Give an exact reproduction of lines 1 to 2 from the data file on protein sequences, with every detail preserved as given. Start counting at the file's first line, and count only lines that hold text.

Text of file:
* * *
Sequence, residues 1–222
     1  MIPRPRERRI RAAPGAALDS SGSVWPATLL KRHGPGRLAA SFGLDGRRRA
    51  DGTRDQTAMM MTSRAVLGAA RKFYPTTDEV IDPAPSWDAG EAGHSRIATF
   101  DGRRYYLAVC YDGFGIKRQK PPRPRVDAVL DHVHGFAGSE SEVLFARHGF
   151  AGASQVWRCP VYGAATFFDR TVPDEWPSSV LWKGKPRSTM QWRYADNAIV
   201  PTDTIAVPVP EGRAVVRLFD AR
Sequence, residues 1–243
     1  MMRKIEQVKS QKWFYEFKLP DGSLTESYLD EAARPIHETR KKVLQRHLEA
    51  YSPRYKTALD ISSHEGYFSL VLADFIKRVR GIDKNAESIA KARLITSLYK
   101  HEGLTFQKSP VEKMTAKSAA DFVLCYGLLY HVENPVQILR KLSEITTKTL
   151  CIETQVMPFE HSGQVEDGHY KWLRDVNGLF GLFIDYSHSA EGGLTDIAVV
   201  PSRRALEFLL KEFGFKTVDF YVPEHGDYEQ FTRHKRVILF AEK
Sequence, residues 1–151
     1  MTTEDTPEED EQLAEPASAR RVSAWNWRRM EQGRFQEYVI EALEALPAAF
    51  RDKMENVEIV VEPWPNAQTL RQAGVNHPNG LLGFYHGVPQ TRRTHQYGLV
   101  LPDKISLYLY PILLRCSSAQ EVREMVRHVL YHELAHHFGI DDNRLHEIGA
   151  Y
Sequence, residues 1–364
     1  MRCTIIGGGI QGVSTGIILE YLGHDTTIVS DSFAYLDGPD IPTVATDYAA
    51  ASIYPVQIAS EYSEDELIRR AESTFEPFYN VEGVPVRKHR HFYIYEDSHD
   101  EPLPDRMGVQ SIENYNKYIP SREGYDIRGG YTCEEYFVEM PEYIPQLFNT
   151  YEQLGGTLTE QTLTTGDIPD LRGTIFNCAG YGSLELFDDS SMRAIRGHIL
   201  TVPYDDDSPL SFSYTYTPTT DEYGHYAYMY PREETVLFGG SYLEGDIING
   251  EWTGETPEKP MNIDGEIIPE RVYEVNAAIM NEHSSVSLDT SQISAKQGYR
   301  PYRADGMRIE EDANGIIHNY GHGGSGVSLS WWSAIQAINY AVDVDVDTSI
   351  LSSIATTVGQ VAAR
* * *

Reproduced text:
Sequence, residues 1–222
     1  MIPRPRERRI RAAPGAALDS SGSVWPATLL KRHGPGRLAA SFGLDGRRRA